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Anserini: Experiments on MS MARCO

Data Prep

First, we need to download and extract the MS MARCO dataset:

DATA_DIR=./msmarco_data
mkdir ${DATA_DIR}

wget https://msmarco.blob.core.windows.net/msmarcoranking/collectionandqueries.tar.gz -P ${DATA_DIR}
tar -xvf ${DATA_DIR}/collectionandqueries.tar.gz -C ${DATA_DIR}

To confirm, collectionandqueries.tar.gz should have MD5 checksum of 31644046b18952c1386cd4564ba2ae69.

Next, we need to convert the MS MARCO tsv collection into Anserini's jsonl files (which have one json object per line):

python ./src/main/python/msmarco/convert_collection_to_jsonl.py \
 --collection_path=${DATA_DIR}/collection.tsv --output_folder=${DATA_DIR}/collection_jsonl

The above script should generate 9 jsonl files in ${DATA_DIR}/collection_jsonl, each with 1M lines (except for the last one, which should have 841,823 lines).

We can now index these docs as a JsonCollection using Anserini:

sh ./target/appassembler/bin/IndexCollection -collection JsonCollection \
 -generator LuceneDocumentGenerator -threads 9 -input ${DATA_DIR}/collection_jsonl \
 -index ${DATA_DIR}/lucene-index-msmarco -optimize -storePositions -storeDocvectors -storeRawDocs 

The output message should be something like this:

2019-04-20 11:52:34,935 INFO  [main] index.IndexCollection (IndexCollection.java:647) - Total 8,841,823 documents indexed in 00:05:04

Your speed may vary... with a modern desktop machine with an SSD, indexing takes around a minute.

Retrieving and Evaluating the Dev set

Since queries of the set are too many (+100k), it would take a long time to retrieve all of them. To speed this up, we use only the queries that are in the qrels file:

python ./src/main/python/msmarco/filter_queries.py --qrels=${DATA_DIR}/qrels.dev.small.tsv \
 --queries=${DATA_DIR}/queries.dev.tsv --output_queries=${DATA_DIR}/queries.dev.small.tsv

The output queries file should contain 6980 lines.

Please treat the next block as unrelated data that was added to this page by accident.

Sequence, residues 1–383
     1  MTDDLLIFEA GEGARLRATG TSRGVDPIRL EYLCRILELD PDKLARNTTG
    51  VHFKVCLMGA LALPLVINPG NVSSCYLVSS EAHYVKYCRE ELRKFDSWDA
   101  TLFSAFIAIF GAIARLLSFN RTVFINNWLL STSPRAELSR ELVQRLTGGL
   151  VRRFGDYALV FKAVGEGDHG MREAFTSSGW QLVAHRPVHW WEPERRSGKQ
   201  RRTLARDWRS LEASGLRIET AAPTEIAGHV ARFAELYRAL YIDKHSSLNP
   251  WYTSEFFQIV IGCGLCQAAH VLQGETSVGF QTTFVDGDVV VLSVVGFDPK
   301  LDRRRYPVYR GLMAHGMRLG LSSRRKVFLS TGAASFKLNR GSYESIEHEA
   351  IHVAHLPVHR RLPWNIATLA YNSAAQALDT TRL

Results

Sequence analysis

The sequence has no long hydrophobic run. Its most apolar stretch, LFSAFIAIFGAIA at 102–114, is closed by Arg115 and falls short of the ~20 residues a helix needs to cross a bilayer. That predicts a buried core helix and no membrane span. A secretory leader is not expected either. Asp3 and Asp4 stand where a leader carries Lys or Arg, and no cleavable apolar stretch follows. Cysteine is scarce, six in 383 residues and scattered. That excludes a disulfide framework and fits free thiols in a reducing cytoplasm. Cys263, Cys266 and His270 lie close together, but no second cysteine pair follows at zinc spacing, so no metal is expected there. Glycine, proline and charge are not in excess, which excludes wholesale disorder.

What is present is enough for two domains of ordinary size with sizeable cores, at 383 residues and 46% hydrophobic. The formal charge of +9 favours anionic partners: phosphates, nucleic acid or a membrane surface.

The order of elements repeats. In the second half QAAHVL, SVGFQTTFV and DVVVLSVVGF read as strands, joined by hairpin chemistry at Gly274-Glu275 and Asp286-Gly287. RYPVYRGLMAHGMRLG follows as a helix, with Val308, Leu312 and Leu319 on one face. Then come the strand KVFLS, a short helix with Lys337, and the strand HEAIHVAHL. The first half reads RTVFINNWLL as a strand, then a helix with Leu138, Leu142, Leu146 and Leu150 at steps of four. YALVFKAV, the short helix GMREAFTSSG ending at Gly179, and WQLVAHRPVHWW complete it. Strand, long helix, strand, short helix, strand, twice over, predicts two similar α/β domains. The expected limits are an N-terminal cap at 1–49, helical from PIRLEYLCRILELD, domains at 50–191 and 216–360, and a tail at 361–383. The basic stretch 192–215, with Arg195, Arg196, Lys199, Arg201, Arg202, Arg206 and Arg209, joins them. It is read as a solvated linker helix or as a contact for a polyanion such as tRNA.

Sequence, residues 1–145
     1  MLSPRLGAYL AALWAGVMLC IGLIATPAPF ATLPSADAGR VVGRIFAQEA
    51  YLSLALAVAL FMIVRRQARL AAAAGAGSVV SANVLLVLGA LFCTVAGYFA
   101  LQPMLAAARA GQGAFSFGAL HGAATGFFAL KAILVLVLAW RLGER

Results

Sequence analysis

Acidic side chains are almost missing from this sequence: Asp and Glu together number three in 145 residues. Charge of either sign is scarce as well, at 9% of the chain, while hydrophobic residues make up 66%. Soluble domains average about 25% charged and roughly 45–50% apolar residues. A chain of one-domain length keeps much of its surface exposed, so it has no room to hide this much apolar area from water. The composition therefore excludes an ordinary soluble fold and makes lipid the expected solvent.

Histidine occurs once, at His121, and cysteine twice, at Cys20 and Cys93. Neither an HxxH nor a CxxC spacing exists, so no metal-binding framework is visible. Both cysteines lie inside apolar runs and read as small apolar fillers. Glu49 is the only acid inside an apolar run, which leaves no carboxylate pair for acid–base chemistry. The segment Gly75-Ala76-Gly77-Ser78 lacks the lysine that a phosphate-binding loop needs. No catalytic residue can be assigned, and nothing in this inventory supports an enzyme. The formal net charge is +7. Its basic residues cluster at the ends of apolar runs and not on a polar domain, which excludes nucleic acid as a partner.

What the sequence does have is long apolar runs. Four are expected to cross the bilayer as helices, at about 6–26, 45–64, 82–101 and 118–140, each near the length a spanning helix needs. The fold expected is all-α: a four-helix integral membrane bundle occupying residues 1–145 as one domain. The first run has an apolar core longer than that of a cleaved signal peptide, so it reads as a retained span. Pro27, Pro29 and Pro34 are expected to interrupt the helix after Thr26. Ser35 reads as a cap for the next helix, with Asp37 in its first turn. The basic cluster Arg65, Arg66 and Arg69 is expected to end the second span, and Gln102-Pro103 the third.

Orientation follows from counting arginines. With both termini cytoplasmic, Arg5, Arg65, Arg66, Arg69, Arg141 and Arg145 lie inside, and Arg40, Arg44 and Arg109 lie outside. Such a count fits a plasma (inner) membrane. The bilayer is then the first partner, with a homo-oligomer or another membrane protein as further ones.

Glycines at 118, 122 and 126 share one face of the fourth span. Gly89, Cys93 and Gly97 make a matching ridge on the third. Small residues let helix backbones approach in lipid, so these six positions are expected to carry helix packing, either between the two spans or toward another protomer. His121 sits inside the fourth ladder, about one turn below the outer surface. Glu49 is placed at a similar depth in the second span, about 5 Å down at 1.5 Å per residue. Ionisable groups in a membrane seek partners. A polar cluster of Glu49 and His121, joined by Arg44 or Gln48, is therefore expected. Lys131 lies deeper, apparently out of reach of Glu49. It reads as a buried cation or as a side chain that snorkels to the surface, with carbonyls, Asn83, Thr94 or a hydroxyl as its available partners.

We can now retrieve this smaller set of queries.

python ./src/main/python/msmarco/retrieve.py --index ${DATA_DIR}/lucene-index-msmarco \
 --qid_queries ${DATA_DIR}/queries.dev.small.tsv --output ${DATA_DIR}/run.dev.small.tsv --hits 1000

Retrieval speed will vary by machine: On a modern desktop with an SSD, we can get ~0.04 per query (taking about five minutes). On a slower machine with mechanical disks, the entire process might take as long as a couple of hours. Alternatively, we can run the same script implemented in Java to remove Python overhead, which ends up being ~4x faster.

./target/appassembler/bin/SearchMsmarco -index ${DATA_DIR}/lucene-index-msmarco \
 -qid_queries ${DATA_DIR}/queries.dev.small.tsv -output ${DATA_DIR}/run.dev.small.tsv -hits 1000

The option -hits specifies the of documents per query to be retrieved. Thus, the output file should have approximately 6980 * 1000 = 6.9M lines.

Finally, we can evaluate the retrieved documents using this the official MS MARCO evaluation script:

python ./src/main/python/msmarco/msmarco_eval.py \
 ${DATA_DIR}/qrels.dev.small.tsv ${DATA_DIR}/run.dev.small.tsv

And the output should be like this:

#####################
MRR @10: 0.18751751034702308
QueriesRanked: 6980
#####################

We can also use the official TREC evaluation tool, trec_eval, to compute other metrics than MRR@10. For that we first need to convert runs and qrels files to the TREC format:

python ./src/main/python/msmarco/convert_msmarco_to_trec_run.py \
 --input_run ${DATA_DIR}/run.dev.small.tsv --output_run ${DATA_DIR}/run.dev.small.trec

python ./src/main/python/msmarco/convert_msmarco_to_trec_qrels.py \
 --input_qrels ${DATA_DIR}/qrels.dev.small.tsv --output_qrels ${DATA_DIR}/qrels.dev.small.trec

And run the trec_eval tool:

./eval/trec_eval.9.0.4/trec_eval -mrecall.1000 -mmap \
 ${DATA_DIR}/qrels.dev.small.trec ${DATA_DIR}/run.dev.small.trec

The output should be:

map                   	all	0.1956
recall_1000           	all	0.8578

Average precision and recall@1000 are the two metrics we care about the most.

BM25 Tuning

Note that this figure differs slightly from the value reported in Document Expansion by Query Prediction, which uses the Anserini default of k1=0.9, b=0.4.

Tuning was accomplished with the tune_bm25.py script, using the queries found here. There are five different sets of 10k samples (from the shuf command). We tune on each individual set and then average parameter values across all five sets (this has the effect of regularization). Note that we are currently optimizing recall@1000 since Anserini output will serve as input to later stage rerankers (e.g., based on BERT), and we want to maximize the number of relevant documents the rerankers have to work with. The tuned parameters using this method are k1=0.82, b=0.72.

Here's the comparison between the Anserini default and tuned parameters:

Setting MRR@10 MAP Recall@1000
Default (k1=0.9, b=0.4) 0.1839 0.1925 0.8526
Tuned (k1=0.82, b=0.72) 0.1875 0.1956 0.8578
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